Major cyber crime incidents are becoming increasingly common, and when they do happen, they make headline news. Millions of customers can have their data leaked, some might even have their accounts compromised, and there can be major financial implications. The problem is that many small businesses see this as something only for large organisations to worry about. But in truth, companies of all sizes need to be aware of cybersecurity and how it affects their everyday operations.
In this article, we’re going to take a brief look at what your responsibilities are as a small business, what can happen if you don’t follow them, and some tips on maintaining digital security in the workplace.
The most important thing to think about when you consider your responsibilities is that you most likely have control over the safety of other people’s assets. This ranges from their data to the money they might have in an account with you. As a result, you have a responsibility to keep these assets safe, and in an online world, good cyber security is the way you do this.
If a hacker manages to gain access to your systems and they take someone’s data, then you are likely at fault as well as the hacker. You should be doing everything reasonable within your power to ensure that this kind of thing doesn’t happen.
Of course, you do need to think about your own business too. While it may not be a legal responsibility, everyone in the business has some degree of responsibility for keeping it cyber secure to prevent incidents from occurring.
If your business isn’t cyber secure, then it can run into all kinds of difficulties, ranging from the very minor that you might not notice, to incidents that can end a business.
Loss of trust and custom is fairly likely if a customer finds out that your neglectful approach to cyber security has resulted in data loss, even if isn’t their data that was lost. It can have very negative reputational effects. Of course, it could be much worse - data might be stolen, which could result in your business having to pay compensation or even fines. In severe cases, cyber criminals have even been able to directly take money.
It’s not always quite as obvious and significant as actual theft or damage either. If a cyber attack of some sort manages to deny you the ability to go about your day-to-day work as normal, then that will cost the business. Ransomware is one such example - it could block access to devices, software or data making it difficult to work. Alternatively, DDoS attacks can bring your website down, which could be catastrophic for revenue.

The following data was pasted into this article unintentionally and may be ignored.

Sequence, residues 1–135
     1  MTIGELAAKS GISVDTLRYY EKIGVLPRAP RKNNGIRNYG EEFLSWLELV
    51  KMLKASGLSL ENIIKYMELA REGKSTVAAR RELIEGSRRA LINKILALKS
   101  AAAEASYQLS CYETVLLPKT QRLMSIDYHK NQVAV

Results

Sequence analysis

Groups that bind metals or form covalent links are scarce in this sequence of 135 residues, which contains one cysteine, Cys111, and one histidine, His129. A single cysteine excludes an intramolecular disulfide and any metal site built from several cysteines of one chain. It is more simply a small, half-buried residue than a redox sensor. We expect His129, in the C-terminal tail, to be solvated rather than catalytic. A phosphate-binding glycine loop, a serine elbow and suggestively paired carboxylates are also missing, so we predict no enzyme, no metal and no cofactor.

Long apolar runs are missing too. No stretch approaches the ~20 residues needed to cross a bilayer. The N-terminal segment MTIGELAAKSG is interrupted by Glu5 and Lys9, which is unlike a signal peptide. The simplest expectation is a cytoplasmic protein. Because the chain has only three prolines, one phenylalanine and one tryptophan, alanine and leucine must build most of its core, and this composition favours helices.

Ultimately, there are lots of different consequences of having poor cyber security in place at your small business. You open the door to many different types of incident, and they in turn have an impact. It can be very difficult to individually analyse them all, which means that you need to do whatever you can to stay secure.
Given the very broad issue, it can be difficult, especially for smaller businesses with few or no dedicated IT staff to figure out exactly what they need to be doing. Here at Virtual College, we’d strongly recommend that most small businesses have some employees that have received training in cyber security. We offer introductory cybersecurity training that covers the basic (which you can read more about here), though more technical knowledge may require specialist qualifications.
That said, there are a few basic points that we can cover here that will go a very long way to guarding against many types of cyber security incidents.
All accounts and devices for all people in the company should have unique, strong passwords. This is probably the best way of ensuring that unauthorised access doesn’t happen, both from outside and inside the business. If you can use two factor authentication on some services such as banks it is a good idea to do so.
In the event that something does happen, it’s critical that you have data backed up. Hackers can physically steal data, and ransomware can even prevent you from accessing it. This is mitigated if you have access to the data elsewhere, so make sure that there are separate backups of important data, with their own security.
All of the computers and other devices in your business should be set up with antivirus software to guard against everything from traditional viruses, to ransomware and trojans. What’s more is that you need to have policies in place to ensure that they’re up to date.
Many malicious access attempts will happen through your own network and the connected devices that are on it. For this reason, you need to make sure that the network in your workplace is set up securely, and unauthorised devices cannot connect.
Finally, business-wide awareness of cybersecurity helps to maintain vigilance against potential threats. Employees should have basic training for things like avoiding phishing scams, and if they have anything to do with the points we’ve mentioned above, they should be fully aware of them too.
For more information on cybersecurity, check out our Cyber Security Basics Course.